X-Girl marks the spot: how the Godmother of Grunge’s clothing brand defined a generation of teenage girls
How does fashion shape adolescence? Every month, Claire Healy deconstructs the ways that style culture has contributed to the idea of the teenager in new series Extreme Adolescents.
A languid East Coast drawl narrates a strange but familiar montage; crop haired girls trying on neat A-Line shifts and tight-fitting t-shirts: white, red, black. “We'd often go look for clothes. We’d shiver as we walked up and down the aisles, staring numbly at the racks. But more often we'd be disappointed.” The voice belongs to a young Chloë Sevigny, and the clothes are all X-Girl: the cult brand founded by Sonic Youth bassist Kim Gordon and stylist Daisy von Furth in 1993. Starring in and narrating the Phil Morrison-directed film for the line’s second collection, Sevigny and her co-stars channel the somber outlooks of French New Wave heroines. They also echo the sentiments of a generation of American teenage girls who just wanted one thing from fashion: clothes that actually fit them properly.
Created as a complement to the boys-only streetwear brand X-Large, X-Girl started out in LA, with a New York outpost on Lafayette Street following soon after. The brand’s champions read like a who’s-who of downtown 90s New York – Sofia Coppola, Spike Jonze, and Budapest-born artist Rita Ackermann were collaborators, artist Mike Mills designed the graphics, and Kathleen Hanna was a devotee. And the clothes? Dresses and ringer tees were fitted without being too tight – as von Furth exclaims in an MTV clip, “No Lycra!” – with subtle logos and a distinct 60s kick. As Sevigny later described the X-Girl style in an interview, “They were going almost for an androgynous kind of look, these very simple A-line dresses that were very Godard.” In other words, as von Furth adds: “The store was so Helvetica.”
Clouded with nostalgia, our own self-styled narrative of the nineties often refers to this vague notion of ‘simplicity’: Kate Moss for Calvin Klein and Courtney Love’s nightdresses. But Kim Gordon, the so-called ‘godmother of grunge’, actually rebelled against a grunge aesthetic that, in 1993, was swamping girls in swathes of ‘borrowed-from-the-boys’ layers. Instead, through X-Girl, Gordon and von Furth created a preppy look that feminised the skater girl/riot grrrl aesthetic while actually promising to flatter the manifold body types of adolescence and beyond: as the pair put it in one lookbook introduction, “X-Girls = women curves up and down.” Offspring lines from Miu Miu to Marc by Marc Jacobs (RIP), looking to appeal to a younger customer, have always tread the line between tomboy and girly girl in much the same way.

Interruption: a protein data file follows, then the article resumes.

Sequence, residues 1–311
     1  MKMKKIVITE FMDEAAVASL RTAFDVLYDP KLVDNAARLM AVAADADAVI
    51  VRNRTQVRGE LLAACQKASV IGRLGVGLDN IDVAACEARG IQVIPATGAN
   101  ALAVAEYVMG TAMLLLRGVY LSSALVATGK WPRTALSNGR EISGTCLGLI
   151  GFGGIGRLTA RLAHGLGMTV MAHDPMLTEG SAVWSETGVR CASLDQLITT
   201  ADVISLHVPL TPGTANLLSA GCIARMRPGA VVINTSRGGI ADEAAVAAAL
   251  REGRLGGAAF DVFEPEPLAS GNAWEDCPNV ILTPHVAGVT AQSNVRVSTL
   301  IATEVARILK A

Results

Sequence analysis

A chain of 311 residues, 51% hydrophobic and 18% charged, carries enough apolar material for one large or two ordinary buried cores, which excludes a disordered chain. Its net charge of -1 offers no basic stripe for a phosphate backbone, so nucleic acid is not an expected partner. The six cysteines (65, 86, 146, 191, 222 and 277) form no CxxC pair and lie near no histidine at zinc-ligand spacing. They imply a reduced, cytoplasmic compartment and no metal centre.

“X-Girl’s sidewalk guerilla fashion show was a success in that it came off at all,” – so says Kim Gordon in her new autobiography, talking about the brand’s legendary first runway outing. Taking place on the streets of Soho – just down the road from the Marc Jacobs show, as it happened – and starring Sevigny in a faux bridal dress, the whole thing was thankfully documented by MTV’s House of Style. It also took place just a few days after Kurt Cobain – who was close to Sonic Youth – committed suicide. There were never any grand narratives when it came to X-Girl, though. The show remained full of optimism, pep and a future-facing teen spirit.
Unfortunately for the girl power generation that never grew up, today one has to resort to serious Etsy-rummaging to have any chance of sporting that iconic X-Girl logo for oneself. Shutting shop and selling out to a Japanese company in 1998, X-Girl is the brand teens loved that only lasted as long as teendom itself. The same fate, weirdly, is met by a number of other labels of the 90s – including Sofia Coppola’s own t-shirt line, Milk Fed – that find a fulfilling afterlife in the land of the super-kawaii. Of course, it’s found its way back in various incarnations – most notably last year, in a Tavi Gevinson-fronted release sold through VFiles. But X-Girl’s lasting influence is about more than a brand name and (admittedly awesome) plastic barrettes. It’s the brand ethos – clothes that fit, for the girl cool enough to wear them – that was such a vital force in determining not only the girls who wore X-Girl, but the girls they grew up to be. As Gordon puts it in Girl in a Band, “In a way X-Girl gave me far more notoriety than Sonic Youth ever did.”
Watch Chloë Sevigny in the X-Girl movie below: